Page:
This increasing interest in wind energy is not surprising based on a recent U.S. Department of Energy’s (DOE) “Wind Technologies Market Report,” which reports that U.S. wind power capacity increased by 60% in 2008 – representing the fastest growing wind power market in the world. Although wind generates only 2% of the nation’s electricity supply, wind projects accounted for 42% of the new electric generating capacity in 2008. The report also concludes that the U.S. leads the world in new wind capacity, capturing approximately 30% of the global market and taking the lead over Germany in cumulative wind capacity.
Perhaps most significantly, small wind turbines have grown immensely popular in the United States and in New York State. Small wind, or residential-scale, turbines are those with a capacity of 100 kW and under. Recent technological advances in small wind turbines have made them more affordable (approximately $10,000-$12,000 or less, installed) and easier to use. As reported by the American Wind Energy Association (AWEA), the U.S. market for small wind turbines grew 78% in 2008. Indeed, the US commands roughly half of the global market share of small wind turbines, and NY and CA are two of seven states with the highest sales percentages of residential-turbines.
These market trends in wind energy are mirrored by trends in innovation. Over the past seven years, issued wind patents in the US increased dramatically from a low of 42 to a high in 2008 of 155. Despite the economic downturn in 2008, the total number of wind patents granted by the United States Patent and Trademark Office (USPTO) increased in 2008 over 2007. Although wind patents fell in 1Q 2009 compared to 4Q 2008, wind energy patents were on the rise again in 2Q 2009, and innovations in wind energy have outpaced solar energy.
A review of patent assignees indicates that GE Wind and Aloys Wobben, the owner of Enercon GmbH of Germany, drive the vast majority of the U.S. patent activity in wind energy. For the time period 2002-2008, GE Wind holds the most U.S. patents related to wind energy overall. This finding is consistent with the DOE’s report that GE Wind remains the top wind turbine manufacturer. Due to a steep increase in granted patents to US assignees since 2002, US assignees hold almost half (48%) of the global share of U.S. patents issued between 2002-2008. Germany follows with 19 percent and Japan and Denmark tie for third at 7 percent. New York assignees lead with 16% of the US wind patents thanks to GE Wind, followed by California with 8 percent. Of interest, although Texas dominates all US states in large-scale wind turbine projects, it is not one of the top states when it comes to innovation or small wind sales.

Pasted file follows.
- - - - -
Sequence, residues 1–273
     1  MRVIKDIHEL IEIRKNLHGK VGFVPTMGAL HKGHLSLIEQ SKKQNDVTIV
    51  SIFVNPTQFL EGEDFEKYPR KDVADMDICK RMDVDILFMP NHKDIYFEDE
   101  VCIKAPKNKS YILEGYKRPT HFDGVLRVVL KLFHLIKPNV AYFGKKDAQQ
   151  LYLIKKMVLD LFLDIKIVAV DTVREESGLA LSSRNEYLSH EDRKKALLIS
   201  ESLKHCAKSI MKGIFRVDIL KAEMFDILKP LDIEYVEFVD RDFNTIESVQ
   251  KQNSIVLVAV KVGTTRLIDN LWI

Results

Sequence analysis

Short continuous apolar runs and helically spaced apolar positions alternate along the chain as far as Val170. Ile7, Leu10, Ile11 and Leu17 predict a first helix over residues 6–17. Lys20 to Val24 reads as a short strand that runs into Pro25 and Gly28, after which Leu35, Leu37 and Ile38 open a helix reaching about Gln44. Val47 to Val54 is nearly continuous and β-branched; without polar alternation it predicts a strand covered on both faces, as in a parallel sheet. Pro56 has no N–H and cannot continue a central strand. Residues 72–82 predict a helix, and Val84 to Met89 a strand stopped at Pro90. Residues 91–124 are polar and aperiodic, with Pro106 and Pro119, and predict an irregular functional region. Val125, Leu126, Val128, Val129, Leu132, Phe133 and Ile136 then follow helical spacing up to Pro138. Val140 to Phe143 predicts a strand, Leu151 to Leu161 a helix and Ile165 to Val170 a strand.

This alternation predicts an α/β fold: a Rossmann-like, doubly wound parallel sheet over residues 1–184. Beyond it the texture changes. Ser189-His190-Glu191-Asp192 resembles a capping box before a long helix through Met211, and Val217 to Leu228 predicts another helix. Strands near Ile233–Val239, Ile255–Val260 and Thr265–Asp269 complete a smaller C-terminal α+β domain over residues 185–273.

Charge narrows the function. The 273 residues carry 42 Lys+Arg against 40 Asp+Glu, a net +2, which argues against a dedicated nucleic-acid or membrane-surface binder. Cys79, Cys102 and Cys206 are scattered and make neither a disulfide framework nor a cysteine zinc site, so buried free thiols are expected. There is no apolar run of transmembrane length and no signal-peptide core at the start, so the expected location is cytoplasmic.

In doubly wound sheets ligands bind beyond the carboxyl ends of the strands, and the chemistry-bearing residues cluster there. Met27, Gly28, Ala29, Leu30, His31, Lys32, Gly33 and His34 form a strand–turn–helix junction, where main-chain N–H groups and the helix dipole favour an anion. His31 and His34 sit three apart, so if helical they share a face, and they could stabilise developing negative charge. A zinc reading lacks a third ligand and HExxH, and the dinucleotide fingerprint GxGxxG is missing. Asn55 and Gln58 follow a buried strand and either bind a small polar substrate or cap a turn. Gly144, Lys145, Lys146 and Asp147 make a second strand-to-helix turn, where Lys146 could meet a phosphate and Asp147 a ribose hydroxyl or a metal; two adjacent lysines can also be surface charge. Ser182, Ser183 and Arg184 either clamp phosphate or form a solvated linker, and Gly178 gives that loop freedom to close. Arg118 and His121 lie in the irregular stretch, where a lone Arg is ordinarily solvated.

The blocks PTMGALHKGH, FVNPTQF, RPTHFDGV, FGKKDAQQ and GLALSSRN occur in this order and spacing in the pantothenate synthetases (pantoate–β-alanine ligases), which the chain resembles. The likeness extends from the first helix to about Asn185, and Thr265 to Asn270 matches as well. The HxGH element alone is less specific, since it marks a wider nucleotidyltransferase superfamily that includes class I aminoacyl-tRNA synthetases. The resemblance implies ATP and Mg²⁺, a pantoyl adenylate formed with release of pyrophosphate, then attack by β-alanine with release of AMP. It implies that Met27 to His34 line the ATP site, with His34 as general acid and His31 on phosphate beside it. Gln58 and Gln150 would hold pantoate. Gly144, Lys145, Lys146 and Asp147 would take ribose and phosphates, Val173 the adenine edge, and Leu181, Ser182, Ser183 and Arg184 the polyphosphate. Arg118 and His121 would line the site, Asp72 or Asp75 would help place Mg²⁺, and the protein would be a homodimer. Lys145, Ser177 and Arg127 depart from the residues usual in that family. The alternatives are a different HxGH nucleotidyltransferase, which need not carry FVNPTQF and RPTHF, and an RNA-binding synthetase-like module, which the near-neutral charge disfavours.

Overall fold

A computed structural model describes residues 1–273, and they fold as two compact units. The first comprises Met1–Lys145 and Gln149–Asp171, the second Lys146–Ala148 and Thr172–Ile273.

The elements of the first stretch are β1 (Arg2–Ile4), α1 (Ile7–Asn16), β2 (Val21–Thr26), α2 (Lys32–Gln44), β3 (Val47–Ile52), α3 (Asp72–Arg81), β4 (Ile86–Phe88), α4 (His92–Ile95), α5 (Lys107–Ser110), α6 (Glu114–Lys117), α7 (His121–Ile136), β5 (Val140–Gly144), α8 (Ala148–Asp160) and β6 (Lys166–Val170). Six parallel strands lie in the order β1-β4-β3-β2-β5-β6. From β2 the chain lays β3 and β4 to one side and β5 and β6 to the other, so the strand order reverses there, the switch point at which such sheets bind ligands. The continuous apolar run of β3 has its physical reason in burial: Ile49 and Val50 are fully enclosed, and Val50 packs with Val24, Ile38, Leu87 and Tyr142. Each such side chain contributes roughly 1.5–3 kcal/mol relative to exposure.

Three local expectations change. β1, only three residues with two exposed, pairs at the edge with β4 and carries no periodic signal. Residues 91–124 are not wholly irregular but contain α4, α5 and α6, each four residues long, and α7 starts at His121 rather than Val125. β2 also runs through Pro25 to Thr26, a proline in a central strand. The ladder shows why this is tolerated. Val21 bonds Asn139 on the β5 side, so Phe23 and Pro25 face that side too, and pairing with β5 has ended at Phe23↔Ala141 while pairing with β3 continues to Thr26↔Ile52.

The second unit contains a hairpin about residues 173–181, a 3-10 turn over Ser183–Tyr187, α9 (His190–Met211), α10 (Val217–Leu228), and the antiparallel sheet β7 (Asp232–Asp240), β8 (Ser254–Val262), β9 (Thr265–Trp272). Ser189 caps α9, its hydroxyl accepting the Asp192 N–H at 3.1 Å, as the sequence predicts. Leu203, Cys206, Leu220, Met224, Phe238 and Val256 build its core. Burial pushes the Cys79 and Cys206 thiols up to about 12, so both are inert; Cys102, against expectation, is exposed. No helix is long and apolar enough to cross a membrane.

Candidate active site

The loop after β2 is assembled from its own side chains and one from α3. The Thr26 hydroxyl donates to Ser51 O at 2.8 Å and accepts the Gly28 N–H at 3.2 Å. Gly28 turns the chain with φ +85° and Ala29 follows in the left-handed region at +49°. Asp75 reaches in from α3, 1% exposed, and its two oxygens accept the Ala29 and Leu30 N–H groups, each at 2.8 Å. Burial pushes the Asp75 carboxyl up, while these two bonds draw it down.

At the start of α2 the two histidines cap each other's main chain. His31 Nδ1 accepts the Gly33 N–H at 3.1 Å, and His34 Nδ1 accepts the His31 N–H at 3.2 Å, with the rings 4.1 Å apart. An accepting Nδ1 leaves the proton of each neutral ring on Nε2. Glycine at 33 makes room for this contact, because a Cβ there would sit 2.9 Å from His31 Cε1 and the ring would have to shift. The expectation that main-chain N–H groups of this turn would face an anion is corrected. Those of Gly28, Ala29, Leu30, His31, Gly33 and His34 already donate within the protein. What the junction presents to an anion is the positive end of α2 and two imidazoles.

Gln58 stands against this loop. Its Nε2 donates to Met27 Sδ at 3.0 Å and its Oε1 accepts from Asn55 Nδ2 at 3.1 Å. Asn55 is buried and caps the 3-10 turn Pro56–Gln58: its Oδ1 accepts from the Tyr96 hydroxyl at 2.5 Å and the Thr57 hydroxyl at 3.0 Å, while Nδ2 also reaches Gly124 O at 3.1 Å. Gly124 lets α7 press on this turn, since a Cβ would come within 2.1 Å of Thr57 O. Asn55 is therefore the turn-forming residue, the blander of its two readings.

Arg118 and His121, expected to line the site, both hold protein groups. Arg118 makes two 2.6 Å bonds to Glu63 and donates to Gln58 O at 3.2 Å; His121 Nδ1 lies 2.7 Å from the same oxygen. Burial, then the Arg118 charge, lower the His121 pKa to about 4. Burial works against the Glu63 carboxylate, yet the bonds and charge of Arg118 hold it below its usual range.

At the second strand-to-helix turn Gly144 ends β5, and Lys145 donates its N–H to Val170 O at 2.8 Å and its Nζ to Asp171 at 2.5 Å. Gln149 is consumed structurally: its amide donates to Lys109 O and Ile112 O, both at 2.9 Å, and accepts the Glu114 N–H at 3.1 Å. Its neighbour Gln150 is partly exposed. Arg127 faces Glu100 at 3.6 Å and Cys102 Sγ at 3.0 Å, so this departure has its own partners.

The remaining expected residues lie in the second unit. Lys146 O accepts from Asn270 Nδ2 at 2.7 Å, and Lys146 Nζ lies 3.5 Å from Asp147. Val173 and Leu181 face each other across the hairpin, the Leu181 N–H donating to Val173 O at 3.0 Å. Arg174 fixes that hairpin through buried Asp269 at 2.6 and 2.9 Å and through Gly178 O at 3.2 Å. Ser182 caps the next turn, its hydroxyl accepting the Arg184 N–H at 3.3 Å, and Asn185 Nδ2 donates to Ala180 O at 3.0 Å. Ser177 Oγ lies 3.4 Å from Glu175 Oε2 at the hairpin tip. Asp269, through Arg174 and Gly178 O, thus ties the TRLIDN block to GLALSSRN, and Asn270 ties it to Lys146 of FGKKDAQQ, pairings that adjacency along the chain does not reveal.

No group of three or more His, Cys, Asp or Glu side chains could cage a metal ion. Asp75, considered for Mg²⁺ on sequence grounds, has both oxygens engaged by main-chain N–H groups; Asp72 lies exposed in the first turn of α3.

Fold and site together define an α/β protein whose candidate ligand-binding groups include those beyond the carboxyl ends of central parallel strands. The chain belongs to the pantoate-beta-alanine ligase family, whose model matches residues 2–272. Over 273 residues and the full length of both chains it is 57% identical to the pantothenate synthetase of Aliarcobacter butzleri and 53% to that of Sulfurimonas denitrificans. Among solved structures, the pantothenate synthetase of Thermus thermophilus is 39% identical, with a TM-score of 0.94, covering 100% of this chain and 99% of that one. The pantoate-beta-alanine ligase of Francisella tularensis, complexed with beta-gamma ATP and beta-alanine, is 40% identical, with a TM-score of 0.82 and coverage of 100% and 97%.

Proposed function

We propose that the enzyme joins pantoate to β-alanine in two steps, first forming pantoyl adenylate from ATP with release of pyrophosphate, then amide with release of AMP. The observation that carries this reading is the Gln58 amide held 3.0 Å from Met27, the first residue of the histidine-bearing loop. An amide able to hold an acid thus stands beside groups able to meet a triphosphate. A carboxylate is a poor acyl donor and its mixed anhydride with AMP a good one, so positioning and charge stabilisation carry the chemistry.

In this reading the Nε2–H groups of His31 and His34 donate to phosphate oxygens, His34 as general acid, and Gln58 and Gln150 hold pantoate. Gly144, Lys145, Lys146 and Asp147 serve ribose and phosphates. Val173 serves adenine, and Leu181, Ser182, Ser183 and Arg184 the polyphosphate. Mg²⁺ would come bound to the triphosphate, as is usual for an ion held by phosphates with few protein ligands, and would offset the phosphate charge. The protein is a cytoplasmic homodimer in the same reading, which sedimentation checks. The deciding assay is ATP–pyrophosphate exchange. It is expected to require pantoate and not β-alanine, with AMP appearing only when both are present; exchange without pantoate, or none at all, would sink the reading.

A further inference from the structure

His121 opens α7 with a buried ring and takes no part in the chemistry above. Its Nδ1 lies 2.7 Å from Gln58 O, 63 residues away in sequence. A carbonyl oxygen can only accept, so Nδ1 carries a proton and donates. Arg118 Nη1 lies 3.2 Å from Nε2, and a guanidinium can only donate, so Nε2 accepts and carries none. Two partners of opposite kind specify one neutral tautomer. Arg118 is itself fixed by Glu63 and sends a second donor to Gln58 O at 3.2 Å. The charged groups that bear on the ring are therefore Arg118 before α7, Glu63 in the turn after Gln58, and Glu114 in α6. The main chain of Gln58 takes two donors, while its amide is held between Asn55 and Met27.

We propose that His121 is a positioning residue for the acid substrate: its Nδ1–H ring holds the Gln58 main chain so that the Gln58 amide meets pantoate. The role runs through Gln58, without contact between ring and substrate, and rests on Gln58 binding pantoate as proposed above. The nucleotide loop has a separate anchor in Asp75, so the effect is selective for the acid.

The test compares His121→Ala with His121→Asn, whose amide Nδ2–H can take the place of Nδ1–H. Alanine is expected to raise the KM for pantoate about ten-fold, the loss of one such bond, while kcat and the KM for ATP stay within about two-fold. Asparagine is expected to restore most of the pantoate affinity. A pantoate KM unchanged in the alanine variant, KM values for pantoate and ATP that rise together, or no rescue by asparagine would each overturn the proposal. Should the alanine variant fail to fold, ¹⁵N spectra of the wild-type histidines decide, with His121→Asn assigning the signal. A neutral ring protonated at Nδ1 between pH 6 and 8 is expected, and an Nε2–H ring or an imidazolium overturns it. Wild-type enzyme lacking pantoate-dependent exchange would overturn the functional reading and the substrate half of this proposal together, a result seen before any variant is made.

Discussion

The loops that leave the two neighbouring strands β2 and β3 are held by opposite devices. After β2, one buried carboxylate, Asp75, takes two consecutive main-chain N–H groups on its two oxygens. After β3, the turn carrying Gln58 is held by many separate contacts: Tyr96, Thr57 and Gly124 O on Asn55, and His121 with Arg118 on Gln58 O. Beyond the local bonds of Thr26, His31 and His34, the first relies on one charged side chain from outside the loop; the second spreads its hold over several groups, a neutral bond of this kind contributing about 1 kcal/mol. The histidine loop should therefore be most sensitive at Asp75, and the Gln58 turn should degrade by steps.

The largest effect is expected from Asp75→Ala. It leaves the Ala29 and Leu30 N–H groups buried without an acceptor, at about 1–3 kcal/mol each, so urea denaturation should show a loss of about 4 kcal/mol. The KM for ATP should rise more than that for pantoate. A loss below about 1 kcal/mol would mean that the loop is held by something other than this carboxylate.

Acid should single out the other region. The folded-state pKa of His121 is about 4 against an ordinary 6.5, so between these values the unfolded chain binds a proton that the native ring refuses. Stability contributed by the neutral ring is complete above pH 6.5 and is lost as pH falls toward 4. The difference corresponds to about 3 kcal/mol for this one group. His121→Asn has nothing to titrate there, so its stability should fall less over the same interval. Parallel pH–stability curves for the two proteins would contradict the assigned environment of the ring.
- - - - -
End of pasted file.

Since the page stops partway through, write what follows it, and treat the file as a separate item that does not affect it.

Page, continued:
Issued patents are often cited as an indicator of innovation, however, there is an inherent lag caused by the time it takes for a patent application to be reviewed and granted by the USPTO (in some cases, 3-5 years). A review of published patent applications related to wind energy, therefore, can provide insight into what lies ahead. The number of patent applications filed and published since 2007 shows a very steep incline as compared to previous years. Furthermore, of the total patent applications filed since 2002, almost one-half have yet to be granted. Although some of the pending applications will never be granted, based on this data one would expect the upward trend in wind-related patents to continue and become even steeper.
Substantively, a review of issued patents in the US reveals seven general classifications of wind energy patents, including: (1) Design and Construction; (2) Grid/Transmission/Electrical Conversion; (3) Software and Sensors/Control Devices-Systems; (4) Materials; (5) Wind Farms/ Management; (6) Protection From Elements; and (7) Wind Powered Applications. The first category, Design and Construction, makes up more than one-half of all wind innovation. This group can be further divided into four subgroups: Blade Design; Mechanical Design; Rotor Design; and Other Structural Design.
Not surprisingly, some of the more interesting patents are found in the Design & Construction category, many of which are related to small wind. One such patent is the new Swift™ wind turbine, a quiet pole-mountable, rooftop wind turbine, developed by a Scottish company Renewable Devices Swift Turbines Ltd. for use in densely populated areas. (U.S. Patent No. 7,550,864).
The Swift™ design claims to solve a common problem with wind turbines, i.e. noise, by using a circular diffuser that rings the turbine blades. As it looks just like a weather vane, it also is aesthetically pleasing. There are some interesting patent applications pending as well. For example, the “tree-hugger” wind turbine – a cylindrical wind turbine that is hollow and has no central hub. Its tube-like form allows it to be placed around a pre-existing feature such as a chimney stack, cellphone mast or even a tree trunk (Inter. Patent App. PCT/US2008/056105).
Also grabbing a few headlines is Google’s patent directed to a Water Based Data Center (US Patent No. 7,525,207). The patent is directed to a sustainable, giant floating data center, located 3-7 miles offshore, that can be powered and cooled either by wind turbines, ocean waves and/or currents.
Despite the global recession, the AWEA report predicts a 30-fold increase in the small wind US market over the next five years. Although other predictions are more conservative, they too project market growth once the economy bounces back and the economic stimulus policies begin to take effect. If these predictions are accurate, one would also expect technological innovations and patent growth to keep pace. However, what remains to be seen is whether local and regional attempts to curtail the unchecked growth of wind turbines will restrict not only the market, but the incentive for innovation.